Wal-Mart's Online Global Expansion Can Be Misleading

Wal-Mart is pushing hard to ramp up its global E-Commerce efforts, according to some employment ads it's been posting, The Wall Journal reported. But there are reasons behind Wal-Mart's sluggish online sales.

"Wal-Mart during the past two weeks began advertising for a key architect of the global E-Commerce effort, the program's director of market development. Qualifications for the position, which pays more than $100,000 a year, suggest where Wal-Mart may be focusing its expansion," the Journal story said. "Fluency in one or more of the following languages—Mandarin, Cantonese, Japanese, Portuguese, Spanish, Hindi and French—is a plus, the job posting says."

The story pointed out that Wal-Mart's online earnings show many smaller retailers have outflanked it. Well, let's be fair: With Wal-Mart's $405 billion annual revenue, every retailer is a smaller retailer. But with $1.74 billion in online revenue in 2008, having the Bentonville powerhouse beaten by online purebred Amazon ($19.2 billion) is not that humiliating. When Wal-Mart's E-Commerce dollars are also being bested by Staples, Office Depot, OfficeMax, Sears and Best Buy, however, that's hardly a morale booster.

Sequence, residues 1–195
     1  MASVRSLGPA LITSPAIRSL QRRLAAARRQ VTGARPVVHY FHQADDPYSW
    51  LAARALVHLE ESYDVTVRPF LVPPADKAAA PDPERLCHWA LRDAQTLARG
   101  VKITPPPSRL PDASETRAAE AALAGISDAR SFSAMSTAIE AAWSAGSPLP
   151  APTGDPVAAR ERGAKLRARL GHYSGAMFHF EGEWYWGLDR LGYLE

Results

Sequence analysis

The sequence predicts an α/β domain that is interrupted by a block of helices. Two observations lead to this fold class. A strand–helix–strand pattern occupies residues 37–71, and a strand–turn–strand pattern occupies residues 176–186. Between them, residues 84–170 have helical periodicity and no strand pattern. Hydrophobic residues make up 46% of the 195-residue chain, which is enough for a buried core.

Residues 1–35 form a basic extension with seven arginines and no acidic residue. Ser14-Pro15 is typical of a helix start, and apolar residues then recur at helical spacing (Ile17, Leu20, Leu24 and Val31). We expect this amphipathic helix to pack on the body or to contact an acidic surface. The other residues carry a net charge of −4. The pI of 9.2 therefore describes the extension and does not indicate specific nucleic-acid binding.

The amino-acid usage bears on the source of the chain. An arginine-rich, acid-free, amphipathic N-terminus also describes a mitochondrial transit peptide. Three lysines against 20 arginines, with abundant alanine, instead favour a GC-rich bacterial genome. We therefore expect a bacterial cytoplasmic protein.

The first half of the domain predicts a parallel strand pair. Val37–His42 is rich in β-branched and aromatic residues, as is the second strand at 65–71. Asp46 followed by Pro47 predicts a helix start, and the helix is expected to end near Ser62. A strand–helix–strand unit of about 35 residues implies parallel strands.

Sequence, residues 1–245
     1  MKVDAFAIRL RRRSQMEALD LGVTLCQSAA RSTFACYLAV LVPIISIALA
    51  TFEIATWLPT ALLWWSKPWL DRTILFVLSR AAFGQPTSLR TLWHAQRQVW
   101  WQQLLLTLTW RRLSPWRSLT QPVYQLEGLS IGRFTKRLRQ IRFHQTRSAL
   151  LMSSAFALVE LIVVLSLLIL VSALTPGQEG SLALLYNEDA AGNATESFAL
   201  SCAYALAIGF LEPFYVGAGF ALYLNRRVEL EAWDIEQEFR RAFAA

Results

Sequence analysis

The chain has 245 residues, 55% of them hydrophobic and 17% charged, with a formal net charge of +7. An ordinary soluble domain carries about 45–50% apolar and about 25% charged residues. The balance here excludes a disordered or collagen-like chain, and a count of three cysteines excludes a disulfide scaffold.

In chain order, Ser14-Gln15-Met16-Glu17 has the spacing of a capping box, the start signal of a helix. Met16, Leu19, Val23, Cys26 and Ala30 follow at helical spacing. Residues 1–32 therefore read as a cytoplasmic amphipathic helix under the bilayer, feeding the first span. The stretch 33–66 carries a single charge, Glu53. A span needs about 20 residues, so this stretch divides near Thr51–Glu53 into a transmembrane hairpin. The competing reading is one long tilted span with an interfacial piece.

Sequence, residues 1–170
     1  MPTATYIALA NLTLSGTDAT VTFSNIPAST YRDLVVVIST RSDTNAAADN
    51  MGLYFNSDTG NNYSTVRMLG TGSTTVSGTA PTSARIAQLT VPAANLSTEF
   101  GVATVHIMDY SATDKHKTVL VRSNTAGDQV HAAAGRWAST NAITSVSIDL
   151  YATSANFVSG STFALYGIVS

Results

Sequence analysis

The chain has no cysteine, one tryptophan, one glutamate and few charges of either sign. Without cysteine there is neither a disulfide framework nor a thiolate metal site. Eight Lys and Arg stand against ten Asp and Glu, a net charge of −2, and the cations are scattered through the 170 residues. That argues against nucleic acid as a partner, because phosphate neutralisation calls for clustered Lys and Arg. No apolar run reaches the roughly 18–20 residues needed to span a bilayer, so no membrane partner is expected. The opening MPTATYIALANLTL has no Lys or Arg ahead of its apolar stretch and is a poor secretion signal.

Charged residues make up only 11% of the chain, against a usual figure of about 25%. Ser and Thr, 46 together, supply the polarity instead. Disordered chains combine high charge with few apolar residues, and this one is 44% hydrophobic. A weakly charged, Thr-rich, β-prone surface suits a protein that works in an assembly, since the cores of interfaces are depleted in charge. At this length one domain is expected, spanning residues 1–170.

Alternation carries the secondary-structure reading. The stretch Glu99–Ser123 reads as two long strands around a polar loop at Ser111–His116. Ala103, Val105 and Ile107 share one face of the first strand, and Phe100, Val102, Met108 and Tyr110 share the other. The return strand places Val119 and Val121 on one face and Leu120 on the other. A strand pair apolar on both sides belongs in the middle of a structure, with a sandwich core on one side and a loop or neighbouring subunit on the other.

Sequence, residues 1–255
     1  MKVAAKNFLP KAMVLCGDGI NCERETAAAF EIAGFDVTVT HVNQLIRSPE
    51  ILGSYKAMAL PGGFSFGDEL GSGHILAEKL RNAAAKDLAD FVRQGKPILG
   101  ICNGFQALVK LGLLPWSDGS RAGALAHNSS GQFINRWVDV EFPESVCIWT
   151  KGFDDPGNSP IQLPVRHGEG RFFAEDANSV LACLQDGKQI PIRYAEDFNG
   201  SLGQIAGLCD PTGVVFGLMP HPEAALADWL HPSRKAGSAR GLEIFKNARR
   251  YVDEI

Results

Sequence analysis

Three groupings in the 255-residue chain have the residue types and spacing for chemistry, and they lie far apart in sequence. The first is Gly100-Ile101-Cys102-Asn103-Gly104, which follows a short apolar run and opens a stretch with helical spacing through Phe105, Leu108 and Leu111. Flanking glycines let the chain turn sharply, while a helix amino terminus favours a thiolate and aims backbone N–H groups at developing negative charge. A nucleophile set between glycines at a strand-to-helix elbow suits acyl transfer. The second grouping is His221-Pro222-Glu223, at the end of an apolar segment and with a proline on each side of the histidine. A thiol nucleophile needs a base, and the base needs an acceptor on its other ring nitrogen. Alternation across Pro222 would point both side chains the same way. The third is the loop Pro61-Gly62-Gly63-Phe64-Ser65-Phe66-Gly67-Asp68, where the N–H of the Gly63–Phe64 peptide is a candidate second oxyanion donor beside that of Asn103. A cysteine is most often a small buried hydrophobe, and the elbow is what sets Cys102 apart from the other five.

But the world's largest in-store retailer has some legitimate reasons. As the biggest, it has always had the most to protect. That thinking is what slowed down a lot of large brick-and-mortars in the early days of the Web, and Wal-Mart was understandably among the last to succumb to the inevitable.

Also, the practical, everyday discount nature of Wal-Mart's persona doesn't lend itself to an especially exciting online presence. In fact, Walmart.com has consistently deployed helpful technology and has been at the forefront of shop-online-pickup-in-store as well as showcasing in-store inventory.

Those are excellent features and shrewd uses for the Web site. But both techniques also use the Web to drive sales to the stores. From a shareholder perspective, that's fine. A dollar's a dollar, and a dollar spent in-store will likely yield several more dollars in-store, as long as the consumer is already there.

But it also means that when the company's E-Commerce revenue is isolated, it delivers a misleading picture.

The global market is a different situation. Wal-Mart has had mixed results with in-store launches overseas, and it's likely that its E-Commerce operation will face similar hurdles. But as long as Wal-Mart is still making a lot more revenue than any other retailer on the planet, it's hard for any criticisms to stick.

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